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2011-07-06 17:09:56


Building External Modules

This document describes how to build an out-of-tree kernel module.

=== Table of Contents

    === 1 Introduction
    === 2 How to Build External Modules
       --- 2.1 Command Syntax
       --- 2.2 Options
       --- 2.3 Targets
       --- 2.4 Building Separate Files
    === 3. Creating a Kbuild File for an External Module
       --- 3.1 Shared Makefile
       --- 3.2 Separate Kbuild file and Makefile
       --- 3.3 Binary Blobs
       --- 3.4 Building Multiple Modules
    === 4. Include Files
       --- 4.1 Kernel Includes
       --- 4.2 Single Subdirectory
       --- 4.3 Several Subdirectories
    === 5. Module Installation
       --- 5.1 INSTALL_MOD_PATH
       --- 5.2 INSTALL_MOD_DIR
    === 6. Module Versioning
       --- 6.1 Symbols From the Kernel (vmlinux + modules)
       --- 6.2 Symbols and External Modules
       --- 6.3 Symbols From Another External Module
    === 7. Tips & Tricks
       --- 7.1 Testing for CONFIG_FOO_BAR

=== 1. Introduction

"kbuild" is the build system used by the Linux kernel. Modules must use kbuild to stay compatible with changes in the build infrastructure and to pick up the right flags to "gcc." Functionality for building modules both in-tree and out-of-tree is provided. The method for building either is similar, and all modules are initially developed and built out-of-tree.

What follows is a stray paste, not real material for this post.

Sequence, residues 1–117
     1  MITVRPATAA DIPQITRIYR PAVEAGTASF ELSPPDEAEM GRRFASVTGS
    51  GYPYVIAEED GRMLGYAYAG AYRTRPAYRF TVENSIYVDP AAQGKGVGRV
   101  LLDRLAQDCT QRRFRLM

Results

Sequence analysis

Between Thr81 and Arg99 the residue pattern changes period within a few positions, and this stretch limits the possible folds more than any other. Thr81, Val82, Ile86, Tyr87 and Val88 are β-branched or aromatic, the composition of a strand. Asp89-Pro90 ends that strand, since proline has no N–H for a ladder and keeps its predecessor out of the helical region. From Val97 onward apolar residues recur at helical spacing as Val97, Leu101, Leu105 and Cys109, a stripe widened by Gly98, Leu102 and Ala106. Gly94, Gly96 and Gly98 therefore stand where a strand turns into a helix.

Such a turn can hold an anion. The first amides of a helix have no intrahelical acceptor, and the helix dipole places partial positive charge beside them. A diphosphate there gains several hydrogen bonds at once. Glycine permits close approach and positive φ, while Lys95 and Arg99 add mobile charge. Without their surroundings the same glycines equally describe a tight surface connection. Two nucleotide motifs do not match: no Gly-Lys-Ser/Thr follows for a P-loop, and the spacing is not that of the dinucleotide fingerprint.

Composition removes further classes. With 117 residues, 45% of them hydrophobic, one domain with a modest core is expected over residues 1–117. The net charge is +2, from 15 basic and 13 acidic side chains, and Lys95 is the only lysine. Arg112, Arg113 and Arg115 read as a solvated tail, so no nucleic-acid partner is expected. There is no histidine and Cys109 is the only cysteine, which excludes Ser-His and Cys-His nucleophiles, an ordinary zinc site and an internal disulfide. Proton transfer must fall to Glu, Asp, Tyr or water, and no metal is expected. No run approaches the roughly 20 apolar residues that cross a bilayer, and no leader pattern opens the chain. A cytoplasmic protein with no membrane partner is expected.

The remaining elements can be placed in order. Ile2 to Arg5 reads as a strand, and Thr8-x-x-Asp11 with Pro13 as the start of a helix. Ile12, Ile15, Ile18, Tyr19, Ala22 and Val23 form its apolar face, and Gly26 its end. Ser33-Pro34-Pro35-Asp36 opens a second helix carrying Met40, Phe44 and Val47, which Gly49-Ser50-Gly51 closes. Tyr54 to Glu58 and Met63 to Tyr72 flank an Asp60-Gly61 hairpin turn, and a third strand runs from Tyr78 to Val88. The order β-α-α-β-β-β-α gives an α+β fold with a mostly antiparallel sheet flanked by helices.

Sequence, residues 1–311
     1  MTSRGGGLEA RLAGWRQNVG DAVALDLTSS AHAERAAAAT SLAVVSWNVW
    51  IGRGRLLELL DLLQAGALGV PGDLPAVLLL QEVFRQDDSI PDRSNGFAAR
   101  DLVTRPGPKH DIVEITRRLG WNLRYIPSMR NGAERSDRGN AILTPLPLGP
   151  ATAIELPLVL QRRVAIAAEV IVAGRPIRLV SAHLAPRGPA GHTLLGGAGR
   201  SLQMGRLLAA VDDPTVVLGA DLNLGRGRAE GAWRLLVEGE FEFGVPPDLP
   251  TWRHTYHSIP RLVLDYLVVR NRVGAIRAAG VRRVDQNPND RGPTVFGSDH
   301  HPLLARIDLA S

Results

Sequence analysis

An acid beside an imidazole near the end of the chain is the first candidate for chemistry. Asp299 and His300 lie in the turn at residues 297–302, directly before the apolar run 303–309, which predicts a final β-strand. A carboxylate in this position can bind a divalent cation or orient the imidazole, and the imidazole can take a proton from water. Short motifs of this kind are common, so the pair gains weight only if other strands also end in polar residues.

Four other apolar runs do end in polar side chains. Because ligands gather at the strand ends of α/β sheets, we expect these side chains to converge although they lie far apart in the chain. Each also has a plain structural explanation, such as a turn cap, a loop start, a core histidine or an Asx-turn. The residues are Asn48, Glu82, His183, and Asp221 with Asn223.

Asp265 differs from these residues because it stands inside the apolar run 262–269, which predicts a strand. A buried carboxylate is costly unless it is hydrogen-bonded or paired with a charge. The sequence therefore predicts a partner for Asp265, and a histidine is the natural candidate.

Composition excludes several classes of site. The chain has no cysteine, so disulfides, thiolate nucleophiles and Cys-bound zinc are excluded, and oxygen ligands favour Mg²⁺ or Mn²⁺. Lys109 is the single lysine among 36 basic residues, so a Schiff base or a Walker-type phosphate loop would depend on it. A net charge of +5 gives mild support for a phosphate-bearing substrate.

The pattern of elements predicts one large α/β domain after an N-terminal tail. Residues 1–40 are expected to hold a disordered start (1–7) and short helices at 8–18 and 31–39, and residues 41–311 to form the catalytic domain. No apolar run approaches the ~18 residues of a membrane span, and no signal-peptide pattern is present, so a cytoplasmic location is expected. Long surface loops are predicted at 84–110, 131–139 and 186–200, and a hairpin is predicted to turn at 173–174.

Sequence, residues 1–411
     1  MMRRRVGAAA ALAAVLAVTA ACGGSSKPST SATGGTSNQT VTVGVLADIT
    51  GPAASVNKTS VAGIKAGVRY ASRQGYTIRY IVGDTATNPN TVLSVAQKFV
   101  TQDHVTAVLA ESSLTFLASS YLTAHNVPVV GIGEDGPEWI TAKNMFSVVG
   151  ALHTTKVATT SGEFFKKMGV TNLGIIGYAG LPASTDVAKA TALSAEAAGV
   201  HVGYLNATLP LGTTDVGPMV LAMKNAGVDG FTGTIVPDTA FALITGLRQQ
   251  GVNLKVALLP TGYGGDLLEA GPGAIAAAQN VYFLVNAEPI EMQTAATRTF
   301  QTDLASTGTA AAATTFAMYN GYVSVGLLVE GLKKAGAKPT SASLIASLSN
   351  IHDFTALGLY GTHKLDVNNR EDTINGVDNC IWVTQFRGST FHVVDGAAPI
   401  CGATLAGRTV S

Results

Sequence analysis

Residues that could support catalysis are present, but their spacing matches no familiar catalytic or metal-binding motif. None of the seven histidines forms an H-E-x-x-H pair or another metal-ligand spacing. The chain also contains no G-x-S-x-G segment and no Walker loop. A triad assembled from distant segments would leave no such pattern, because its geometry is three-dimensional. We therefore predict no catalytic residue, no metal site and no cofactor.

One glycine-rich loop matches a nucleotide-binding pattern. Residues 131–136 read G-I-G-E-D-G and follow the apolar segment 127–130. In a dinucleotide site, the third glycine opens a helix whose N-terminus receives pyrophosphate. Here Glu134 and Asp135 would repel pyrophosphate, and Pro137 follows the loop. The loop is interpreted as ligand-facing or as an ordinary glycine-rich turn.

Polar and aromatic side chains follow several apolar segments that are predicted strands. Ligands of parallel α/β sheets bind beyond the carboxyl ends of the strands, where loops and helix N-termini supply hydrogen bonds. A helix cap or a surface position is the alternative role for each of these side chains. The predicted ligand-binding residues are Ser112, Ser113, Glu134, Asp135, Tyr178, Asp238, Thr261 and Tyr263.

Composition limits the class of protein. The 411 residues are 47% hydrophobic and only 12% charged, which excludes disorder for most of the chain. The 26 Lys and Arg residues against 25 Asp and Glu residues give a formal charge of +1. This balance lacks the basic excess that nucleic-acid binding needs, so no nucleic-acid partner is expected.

Covered in this document is information aimed at developers interested in building out-of-tree (or "external") modules. The author of an external module should supply a makefile that hides most of the complexity, so one only has to type "make" to build the module. This is easily accomplished, and a complete example will be presented in section 3.

=== 2. How to Build External Modules

To build external modules, you must have a prebuilt kernel available that contains the configuration and header files used in the build. Also, the kernel must have been built with modules enabled. If you are using a distribution kernel, there will be a package for the kernel you
are running provided by your distribution.

An alternative is to use the "make" target "modules_prepare." This will make sure the kernel contains the information required. The target exists solely as a simple way to prepare a kernel source tree for building external modules.

NOTE: "modules_prepare" will not build Module.symvers even if CONFIG_MODVERSIONS is set; therefore, a full kernel build needs to be executed to make module versioning work.